According to a new report, 59 percent of gay Irish couples avoid holding hands with their partner in public out of fear of being assaulted or threatened.
The 2019 survey was conducted by the European Union Agency for Fundamental Rights (FRA), which looked at 140,000 online responses from LGBTI people in the EU, North Macedonia, and Serbia, Newstalk reports.
The agency reports the poll shows that little progress has been made in the seven years since the first survey on LGBT people was conducted in the EU in 2012.
In Ireland, which was the first country in the world to vote in favor of marriage equality, 31 percent of the respondents said they avoid certain locations often or always for fear of being assaulted.
Meanwhile, 53 percent said they are often or always open about being LGBT in Ireland, compared to the EU average of 47 percent who said they are open.
The survey also found that 18 percent of respondents from Ireland felt discriminated against at work in the previous year.
Overall, 38 percent of LGBTI in Ireland said they felt discriminated against in at least one area of life in 2019.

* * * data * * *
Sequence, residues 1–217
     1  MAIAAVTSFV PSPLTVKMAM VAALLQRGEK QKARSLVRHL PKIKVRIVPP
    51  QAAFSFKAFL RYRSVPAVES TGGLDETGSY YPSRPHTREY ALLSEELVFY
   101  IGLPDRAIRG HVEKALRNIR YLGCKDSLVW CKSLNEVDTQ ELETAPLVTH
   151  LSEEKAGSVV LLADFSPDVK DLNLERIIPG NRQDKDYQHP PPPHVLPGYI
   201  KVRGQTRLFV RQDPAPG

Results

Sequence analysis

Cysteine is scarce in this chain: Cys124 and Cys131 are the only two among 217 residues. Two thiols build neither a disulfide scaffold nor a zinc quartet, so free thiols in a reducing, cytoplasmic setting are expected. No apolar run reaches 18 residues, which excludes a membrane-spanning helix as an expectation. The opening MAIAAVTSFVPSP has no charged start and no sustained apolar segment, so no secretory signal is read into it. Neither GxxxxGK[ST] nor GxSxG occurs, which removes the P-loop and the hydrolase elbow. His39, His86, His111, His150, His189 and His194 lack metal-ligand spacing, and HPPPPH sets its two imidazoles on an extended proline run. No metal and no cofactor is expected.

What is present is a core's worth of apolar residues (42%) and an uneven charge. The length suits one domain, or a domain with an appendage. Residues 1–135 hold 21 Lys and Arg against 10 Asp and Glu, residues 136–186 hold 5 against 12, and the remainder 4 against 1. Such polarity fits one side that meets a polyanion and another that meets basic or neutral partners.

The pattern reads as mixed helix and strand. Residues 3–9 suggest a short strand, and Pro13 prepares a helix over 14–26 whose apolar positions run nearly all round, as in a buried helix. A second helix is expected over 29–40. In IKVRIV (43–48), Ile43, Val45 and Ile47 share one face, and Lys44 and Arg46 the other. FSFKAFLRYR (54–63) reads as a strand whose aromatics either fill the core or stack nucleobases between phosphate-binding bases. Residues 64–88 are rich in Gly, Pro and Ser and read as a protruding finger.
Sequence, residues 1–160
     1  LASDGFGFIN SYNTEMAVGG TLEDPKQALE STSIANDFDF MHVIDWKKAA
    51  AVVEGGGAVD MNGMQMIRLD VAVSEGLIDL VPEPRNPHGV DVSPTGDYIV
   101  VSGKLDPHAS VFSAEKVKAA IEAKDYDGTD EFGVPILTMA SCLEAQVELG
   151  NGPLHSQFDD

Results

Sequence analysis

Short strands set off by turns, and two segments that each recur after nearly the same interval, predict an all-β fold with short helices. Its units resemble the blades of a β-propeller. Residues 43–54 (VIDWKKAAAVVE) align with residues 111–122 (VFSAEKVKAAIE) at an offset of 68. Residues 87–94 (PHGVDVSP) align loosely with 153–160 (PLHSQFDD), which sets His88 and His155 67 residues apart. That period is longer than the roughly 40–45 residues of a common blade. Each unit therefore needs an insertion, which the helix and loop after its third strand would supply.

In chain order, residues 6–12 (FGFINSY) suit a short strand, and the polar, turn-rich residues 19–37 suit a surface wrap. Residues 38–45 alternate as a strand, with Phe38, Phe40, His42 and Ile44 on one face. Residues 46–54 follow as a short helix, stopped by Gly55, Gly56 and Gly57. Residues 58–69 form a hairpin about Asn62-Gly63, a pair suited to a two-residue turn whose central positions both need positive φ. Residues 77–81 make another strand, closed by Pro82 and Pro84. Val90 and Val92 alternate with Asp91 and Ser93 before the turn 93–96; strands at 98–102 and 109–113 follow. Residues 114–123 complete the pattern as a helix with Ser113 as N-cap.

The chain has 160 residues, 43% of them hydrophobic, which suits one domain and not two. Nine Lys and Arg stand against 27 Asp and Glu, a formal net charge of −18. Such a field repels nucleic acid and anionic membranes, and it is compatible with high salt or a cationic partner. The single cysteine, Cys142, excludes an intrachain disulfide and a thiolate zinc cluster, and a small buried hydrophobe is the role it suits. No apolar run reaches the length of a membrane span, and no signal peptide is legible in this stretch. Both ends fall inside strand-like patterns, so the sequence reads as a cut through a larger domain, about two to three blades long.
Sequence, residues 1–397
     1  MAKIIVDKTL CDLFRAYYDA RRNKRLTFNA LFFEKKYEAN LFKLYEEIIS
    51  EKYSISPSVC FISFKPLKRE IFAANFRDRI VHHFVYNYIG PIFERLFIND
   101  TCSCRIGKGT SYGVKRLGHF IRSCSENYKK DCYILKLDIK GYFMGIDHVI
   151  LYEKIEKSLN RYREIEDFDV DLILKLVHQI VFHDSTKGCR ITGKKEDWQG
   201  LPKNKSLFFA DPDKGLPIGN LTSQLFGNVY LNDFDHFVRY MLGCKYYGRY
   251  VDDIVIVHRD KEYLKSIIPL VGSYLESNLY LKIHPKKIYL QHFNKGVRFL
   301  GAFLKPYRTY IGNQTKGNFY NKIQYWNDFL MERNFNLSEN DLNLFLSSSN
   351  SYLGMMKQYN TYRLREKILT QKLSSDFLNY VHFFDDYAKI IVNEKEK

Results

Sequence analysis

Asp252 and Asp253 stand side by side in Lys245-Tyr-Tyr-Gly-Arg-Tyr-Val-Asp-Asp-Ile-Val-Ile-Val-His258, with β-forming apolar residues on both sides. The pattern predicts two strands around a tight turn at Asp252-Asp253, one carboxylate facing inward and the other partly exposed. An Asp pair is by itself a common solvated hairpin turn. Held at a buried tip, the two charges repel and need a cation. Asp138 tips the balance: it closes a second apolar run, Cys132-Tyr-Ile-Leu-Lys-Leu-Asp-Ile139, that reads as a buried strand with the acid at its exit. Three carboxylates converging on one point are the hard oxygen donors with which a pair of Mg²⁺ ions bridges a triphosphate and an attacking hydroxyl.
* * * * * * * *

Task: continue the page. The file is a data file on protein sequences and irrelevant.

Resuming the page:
As one 34-year-old gay Irish man told the survey: "Laws are in place to protect gay people here but it's just not taken seriously and enforced properly.”
Some 37 percent said they were harassed in the year before the survey, while 11 percent had been attacked in the last five years. From this, 17 percent reported physical or sexual attacks to the police, compared to an average of 14 percent across the EU.
However, 77 percent of respondents said they felt that LGBTI prejudice and intolerance has dropped in Ireland in the last five years. Although 10 percent say it has risen, 67 percent believe the Irish government is effectively combating prejudice and intolerance against LGBTI people.
The study reports that overall there are more LGBTI people who are open about who they are but continue to be fearful of violence and discrimination.
FRA director Michael O’Flaherty said: "Too many LGBTI people continue to live in the shadows, afraid of being ridiculed, discriminated or even attacked.
"Even though some countries have advanced LGBTI equality, our survey findings show that overall there has been too little real progress, leaving many LGBTI people vulnerable.
"Their job and healthcare difficulties may worsen due to COVID-19.
"Policymakers should take note and do more to actively promote full respect for rights of LGBTI people."